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Three men indicted for Mac Miller drug overdose

The three men have been accused of dealing counterfeit drugs.

Mac Miller
@easymaccheesyraps // Instagram

Following Mac Miller’s untimely death last year, three men have been indicted and accused of dealing counterfeit drugs that led to the slain rapper’s passing.

Per TMZ, a grand jury indicted Cameron Petit, Stephen Walter and Ryan Reavis. Prosecutors found that Miller received oxycodone pills containing fentanyl, which is a “powerful synthetic opioid 50 times more potent than heroin.” Cops have concluded that Miller crushed the pills, snorted them and died.

As previously reported, cops stated that Miller ordered from Petit, Petit ordered from Walter and Reavis delivered the drugs from Walter to Petit. As a result, all three men were charged with conspiring to distribute controlled substances that resulted in death. The media outlet also reports that each charge carries a mandatory minimum sentence of 20 years.

Unfortunately, fentanyl is now “the number one cause of overdose deaths in the United States.” According to Column Health, fentanyl is common because of its addictive quality. “Use of fentanyl, and consequently fentanyl-induced overdoses, is rising in pockets all across the country.”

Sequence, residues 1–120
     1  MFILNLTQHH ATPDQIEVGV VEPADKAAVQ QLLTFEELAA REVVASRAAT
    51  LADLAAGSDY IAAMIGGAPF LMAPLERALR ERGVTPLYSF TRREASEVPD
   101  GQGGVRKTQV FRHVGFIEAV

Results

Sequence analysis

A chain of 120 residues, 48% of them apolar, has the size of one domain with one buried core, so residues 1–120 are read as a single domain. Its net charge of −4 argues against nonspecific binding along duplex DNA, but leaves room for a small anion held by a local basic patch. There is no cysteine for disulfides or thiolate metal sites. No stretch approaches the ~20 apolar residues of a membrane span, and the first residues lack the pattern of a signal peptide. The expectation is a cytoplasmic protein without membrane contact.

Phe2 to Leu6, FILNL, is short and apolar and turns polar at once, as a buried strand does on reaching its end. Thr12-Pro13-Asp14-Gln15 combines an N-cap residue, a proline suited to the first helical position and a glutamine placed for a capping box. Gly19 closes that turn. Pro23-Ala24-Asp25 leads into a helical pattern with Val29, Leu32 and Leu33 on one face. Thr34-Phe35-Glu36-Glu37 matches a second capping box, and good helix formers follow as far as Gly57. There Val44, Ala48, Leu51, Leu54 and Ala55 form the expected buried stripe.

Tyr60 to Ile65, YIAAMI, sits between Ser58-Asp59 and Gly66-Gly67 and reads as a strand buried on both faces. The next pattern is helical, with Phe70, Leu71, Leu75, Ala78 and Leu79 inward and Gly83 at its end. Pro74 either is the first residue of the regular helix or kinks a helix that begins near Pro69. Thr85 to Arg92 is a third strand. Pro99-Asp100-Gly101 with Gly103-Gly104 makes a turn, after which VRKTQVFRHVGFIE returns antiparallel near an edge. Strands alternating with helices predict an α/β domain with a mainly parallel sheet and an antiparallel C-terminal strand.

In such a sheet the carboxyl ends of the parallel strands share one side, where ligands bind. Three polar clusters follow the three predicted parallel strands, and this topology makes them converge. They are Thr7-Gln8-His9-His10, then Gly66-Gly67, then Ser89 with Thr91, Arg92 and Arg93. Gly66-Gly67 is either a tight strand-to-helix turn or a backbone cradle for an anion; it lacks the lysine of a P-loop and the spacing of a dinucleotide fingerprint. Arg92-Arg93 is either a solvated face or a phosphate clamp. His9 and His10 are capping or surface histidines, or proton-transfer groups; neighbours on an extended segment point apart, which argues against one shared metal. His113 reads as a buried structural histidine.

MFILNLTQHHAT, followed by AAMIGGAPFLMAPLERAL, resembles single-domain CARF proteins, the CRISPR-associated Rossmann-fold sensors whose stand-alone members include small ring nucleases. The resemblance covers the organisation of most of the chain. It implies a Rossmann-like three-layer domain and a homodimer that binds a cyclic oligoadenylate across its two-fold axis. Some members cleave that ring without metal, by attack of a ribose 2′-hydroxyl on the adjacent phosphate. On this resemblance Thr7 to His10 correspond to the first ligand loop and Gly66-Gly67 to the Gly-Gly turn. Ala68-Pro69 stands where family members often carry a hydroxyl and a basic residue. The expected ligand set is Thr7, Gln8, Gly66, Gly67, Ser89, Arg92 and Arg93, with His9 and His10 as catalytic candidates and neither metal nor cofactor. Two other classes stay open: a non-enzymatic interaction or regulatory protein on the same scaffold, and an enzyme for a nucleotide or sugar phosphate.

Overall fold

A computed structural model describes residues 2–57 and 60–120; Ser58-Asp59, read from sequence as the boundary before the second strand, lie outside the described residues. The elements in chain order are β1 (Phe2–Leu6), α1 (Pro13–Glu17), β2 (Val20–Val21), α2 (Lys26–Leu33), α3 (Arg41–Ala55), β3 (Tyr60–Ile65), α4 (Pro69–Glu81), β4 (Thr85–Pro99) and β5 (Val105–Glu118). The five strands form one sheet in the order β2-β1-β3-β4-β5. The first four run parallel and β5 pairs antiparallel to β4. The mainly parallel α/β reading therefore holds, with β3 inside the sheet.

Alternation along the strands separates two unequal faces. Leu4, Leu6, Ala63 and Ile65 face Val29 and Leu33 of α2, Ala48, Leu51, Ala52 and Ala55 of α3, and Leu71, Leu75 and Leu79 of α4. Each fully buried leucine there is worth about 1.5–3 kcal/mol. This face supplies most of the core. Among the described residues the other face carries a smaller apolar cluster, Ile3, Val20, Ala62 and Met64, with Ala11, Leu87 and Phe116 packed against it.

The site continues, “Users are gravitating toward it because of the prospect of a more euphoric high, while dealers are gravitating towards it because it is a potent mixer than can enhance the addictive quality of their product. This combination has proven profoundly lethal, and drug deaths involving fentanyl more than doubled from 2015 to 2016, and are up 540% overall in the past three years.”

Although many fans are still mourning the death of the “Swimming” rapper, MusicCares is ensuring that Miller’s memory lives on. Back in May, MusicCares launched the Mac Miller Legacy Fund, which helps young people who are struggling with substance abuse. “These grants celebrate Malcolm’s life and legacy by funding two respected organizations that provide opportunities for young people to realize their talents and potential,” Miller’s family said. “It’s critically important to our family to fund a safety net for artists and musicians who are struggling with substance addiction. No life should be cut short for lack of expert help.”

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